Cuts, layoffs loom as U. of Kentucky faces $70M shortfall

'Many decisions will cause pain' UK President Eli Capilouto tells his campus

The University of Kentucky faces layoffs, furloughs and instructional cuts as the flagship school contends with a $70 million budget shortfall resulting from declines in enrollment and short-term investments.

Calling challenges caused by the coronavirus outbreak more daunting than any the institution has faced in decades, President Eli Capilouto told the campus that the university has begun laying off employees and furloughing others for up to 90 days, and canceling merit raises after seven years of salary increases.

“Many of these decisions will cause pain. They will require shared sacrifice,” Capilouto said in the campus message. “But they are necessary if we are to meet our financial obligations, honor our principles of education, research, service and healthcare, and lay a foundation for the future.”

The shortfall is also a result of ongoing financial commitments, such as scholarships, health premiums for employees, and a commitment to raise starting wages for workers to $12.50 an hour, Capilouto said.

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Other measures the university is taking include:

  • Continuing a hiring pause that was announced several weeks ago.
  • Reducing for one year the university’s retirement contributions to individual employees from 10% of the employee’s salary or wages to 5%.
  • Delaying expansion of a planned family leave policy.
  • Delaying plans to make participation in the university’s retirement program mandatory for certain new employees.
  • Moving forward with shared services for several key areas and exploring additional areas in the coming months.

“We will be challenged and tried in ways most of us have never experienced,” Capilouto said. “We will get through this. We will be innovative and resourceful. We will find new ways and create new approaches to meet daunting challenges.”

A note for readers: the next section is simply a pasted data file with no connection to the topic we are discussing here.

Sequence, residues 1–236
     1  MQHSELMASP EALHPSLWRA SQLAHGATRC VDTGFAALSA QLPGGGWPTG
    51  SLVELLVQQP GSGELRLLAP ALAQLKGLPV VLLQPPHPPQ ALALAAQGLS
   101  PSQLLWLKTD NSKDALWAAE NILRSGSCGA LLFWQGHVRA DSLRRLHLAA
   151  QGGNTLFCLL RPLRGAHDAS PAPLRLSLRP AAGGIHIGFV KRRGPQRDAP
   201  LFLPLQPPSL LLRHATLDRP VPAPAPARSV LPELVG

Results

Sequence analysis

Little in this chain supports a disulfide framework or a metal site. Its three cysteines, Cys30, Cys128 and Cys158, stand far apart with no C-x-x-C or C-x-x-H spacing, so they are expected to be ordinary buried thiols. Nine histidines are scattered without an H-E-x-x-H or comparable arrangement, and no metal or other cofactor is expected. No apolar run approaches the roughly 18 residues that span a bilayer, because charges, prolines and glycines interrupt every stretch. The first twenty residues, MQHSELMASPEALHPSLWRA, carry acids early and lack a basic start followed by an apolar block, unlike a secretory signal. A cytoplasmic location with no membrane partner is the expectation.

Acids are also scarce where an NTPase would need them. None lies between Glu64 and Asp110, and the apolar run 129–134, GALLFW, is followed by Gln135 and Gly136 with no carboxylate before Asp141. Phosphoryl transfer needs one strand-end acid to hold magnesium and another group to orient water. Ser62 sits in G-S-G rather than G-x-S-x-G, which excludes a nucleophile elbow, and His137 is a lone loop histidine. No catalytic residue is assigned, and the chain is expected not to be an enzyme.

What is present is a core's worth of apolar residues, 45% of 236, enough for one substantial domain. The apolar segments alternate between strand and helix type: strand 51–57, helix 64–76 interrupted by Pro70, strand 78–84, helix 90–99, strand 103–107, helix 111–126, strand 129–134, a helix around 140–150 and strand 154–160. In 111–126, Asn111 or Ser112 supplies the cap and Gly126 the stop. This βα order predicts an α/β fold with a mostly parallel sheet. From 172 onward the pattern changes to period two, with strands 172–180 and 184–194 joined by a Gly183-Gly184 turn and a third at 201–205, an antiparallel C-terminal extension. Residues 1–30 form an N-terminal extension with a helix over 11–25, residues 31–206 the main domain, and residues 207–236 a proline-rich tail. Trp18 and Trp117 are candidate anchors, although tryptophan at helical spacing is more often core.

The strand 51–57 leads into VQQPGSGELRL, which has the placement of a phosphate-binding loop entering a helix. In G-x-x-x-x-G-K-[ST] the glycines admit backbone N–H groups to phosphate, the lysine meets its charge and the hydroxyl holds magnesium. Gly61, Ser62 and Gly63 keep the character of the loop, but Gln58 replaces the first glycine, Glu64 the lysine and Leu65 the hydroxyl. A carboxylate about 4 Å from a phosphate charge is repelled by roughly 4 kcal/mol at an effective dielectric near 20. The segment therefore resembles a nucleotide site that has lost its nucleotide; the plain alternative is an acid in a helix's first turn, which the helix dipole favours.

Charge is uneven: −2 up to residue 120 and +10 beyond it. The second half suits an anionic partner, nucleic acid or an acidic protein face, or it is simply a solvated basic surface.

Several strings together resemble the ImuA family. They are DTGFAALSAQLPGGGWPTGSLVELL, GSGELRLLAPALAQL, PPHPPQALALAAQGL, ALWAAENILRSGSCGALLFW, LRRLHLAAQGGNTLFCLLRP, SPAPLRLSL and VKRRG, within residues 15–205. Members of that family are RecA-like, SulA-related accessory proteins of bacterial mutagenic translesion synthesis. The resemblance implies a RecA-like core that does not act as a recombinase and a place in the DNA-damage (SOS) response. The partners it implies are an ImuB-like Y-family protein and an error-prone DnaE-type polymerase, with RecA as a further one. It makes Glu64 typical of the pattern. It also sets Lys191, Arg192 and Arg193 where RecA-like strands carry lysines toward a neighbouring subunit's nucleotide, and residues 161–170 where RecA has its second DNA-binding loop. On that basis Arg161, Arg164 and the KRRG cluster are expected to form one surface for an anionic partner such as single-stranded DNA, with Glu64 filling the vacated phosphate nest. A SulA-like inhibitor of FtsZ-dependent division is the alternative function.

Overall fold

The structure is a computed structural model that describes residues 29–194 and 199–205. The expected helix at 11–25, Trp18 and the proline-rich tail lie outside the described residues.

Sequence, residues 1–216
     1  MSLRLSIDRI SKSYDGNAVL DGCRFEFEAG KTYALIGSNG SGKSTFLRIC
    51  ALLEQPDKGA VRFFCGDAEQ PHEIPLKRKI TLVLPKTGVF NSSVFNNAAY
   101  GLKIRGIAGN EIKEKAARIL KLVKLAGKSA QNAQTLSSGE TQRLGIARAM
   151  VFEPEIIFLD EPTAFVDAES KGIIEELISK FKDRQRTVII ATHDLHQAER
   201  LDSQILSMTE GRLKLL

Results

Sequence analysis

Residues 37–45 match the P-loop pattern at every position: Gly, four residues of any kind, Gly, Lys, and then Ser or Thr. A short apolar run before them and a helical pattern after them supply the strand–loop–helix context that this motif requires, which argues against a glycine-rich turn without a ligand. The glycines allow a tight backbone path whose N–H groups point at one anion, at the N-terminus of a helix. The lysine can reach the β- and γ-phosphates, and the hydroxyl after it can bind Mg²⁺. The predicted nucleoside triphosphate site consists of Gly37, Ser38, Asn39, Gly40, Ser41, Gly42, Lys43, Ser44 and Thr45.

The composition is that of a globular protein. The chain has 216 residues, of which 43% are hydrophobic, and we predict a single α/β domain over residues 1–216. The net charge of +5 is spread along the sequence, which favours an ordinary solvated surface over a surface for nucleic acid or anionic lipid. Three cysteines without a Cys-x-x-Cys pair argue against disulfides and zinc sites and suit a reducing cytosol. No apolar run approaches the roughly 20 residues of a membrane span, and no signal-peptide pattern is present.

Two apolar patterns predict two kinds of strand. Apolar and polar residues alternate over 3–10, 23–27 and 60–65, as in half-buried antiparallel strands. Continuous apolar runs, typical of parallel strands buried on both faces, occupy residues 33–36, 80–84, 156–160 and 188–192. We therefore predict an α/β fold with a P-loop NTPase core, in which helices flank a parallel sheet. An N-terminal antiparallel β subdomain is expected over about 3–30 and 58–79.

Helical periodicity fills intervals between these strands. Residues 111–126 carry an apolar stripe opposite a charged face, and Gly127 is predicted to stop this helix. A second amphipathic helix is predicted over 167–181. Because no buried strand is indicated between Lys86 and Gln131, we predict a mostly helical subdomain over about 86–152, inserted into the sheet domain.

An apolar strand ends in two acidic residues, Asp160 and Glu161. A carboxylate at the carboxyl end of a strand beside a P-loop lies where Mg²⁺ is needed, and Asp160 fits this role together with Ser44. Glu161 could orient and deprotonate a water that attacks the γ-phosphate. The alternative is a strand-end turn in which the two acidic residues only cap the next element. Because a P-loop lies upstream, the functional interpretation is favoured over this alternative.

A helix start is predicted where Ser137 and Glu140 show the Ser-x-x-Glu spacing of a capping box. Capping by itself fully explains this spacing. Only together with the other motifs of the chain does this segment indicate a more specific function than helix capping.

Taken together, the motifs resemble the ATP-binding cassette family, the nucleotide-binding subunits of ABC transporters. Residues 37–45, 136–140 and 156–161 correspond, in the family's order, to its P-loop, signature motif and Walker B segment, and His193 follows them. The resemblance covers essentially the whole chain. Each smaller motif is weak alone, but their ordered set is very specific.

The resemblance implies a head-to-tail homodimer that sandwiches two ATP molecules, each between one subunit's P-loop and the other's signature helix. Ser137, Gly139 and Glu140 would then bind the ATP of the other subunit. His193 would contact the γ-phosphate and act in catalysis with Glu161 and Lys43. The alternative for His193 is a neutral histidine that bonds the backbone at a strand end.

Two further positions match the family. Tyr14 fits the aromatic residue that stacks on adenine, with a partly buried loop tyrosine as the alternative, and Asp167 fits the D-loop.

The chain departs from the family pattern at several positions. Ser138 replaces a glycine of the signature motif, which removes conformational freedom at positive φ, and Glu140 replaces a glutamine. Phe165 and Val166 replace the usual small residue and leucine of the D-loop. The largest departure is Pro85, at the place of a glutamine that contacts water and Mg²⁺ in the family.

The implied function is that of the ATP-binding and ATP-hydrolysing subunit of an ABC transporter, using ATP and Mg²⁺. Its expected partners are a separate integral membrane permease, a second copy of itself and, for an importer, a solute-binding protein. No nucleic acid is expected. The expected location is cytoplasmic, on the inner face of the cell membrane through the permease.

College furloughs and layoffs elsewhere

Of course, the University of Kentucky is not alone. Leaders of the University of Missouri System announced in a message to campus that the state will withhold $17 million in funding for the fiscal year that ends June 30, and the outlook for the next year is unclear.

Leaders of every university division, college and school are now developing plans to cover the $17 million shortfall and to cut spending by 12.5% for fiscal year 2021.

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The university has already restricted spending and hiring and eliminated raises while many university leaders have taken voluntary pay reductions.

Layoffs, furloughs and reorganizations are likely to follow in the coming weeks and months, the leaders said in a statement.

The University of Arizona, anticipating a $66 million loss, has also announced a system of furloughs and salary cuts that requires more highly paid employees to spend more time away from the school, the student newspaper, The Daily Wildcat, reported.

For example, employees making up to $44,449 a year will be furloughed for 13 days between May 11, 2020, and June 30, 2021.

Employees earning between $75,001 and $150,000 a year will be furloughed for a total of 39 days. Employees making $150,001 to $199,999 a year will have their salaries reduced by 17%, according to The Daily Wildcat.

“Because we are only a month into this crisis, we cannot know the full extent of its effects, but our most credible shortfall projections exceed $250 million,” President Robert C. Robbins said in an email to campus, according to the newspaper.

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The Nevada System of Higher Education earlier this month cut spending by $124.7 million over the next two years and has used $60 million in CARES Act funding to cover budget gaps.

In making the cuts, system leaders tried to avoid layoffs and reduce the impacts on low-income students.

The system’s academic and administrative faculty will also see furloughs and salary reductions, the system says.

UB’s coronavirus page offers complete coverage of the impacts on higher ed.

Matt Zalaznick
Matt Zalaznick
Matt Zalaznick is a life-long journalist. Prior to writing for District Administration he worked in daily news all over the country, from the NYC suburbs to the Rocky Mountains, Silicon Valley and the U.S. Virgin Islands. He's also in a band.

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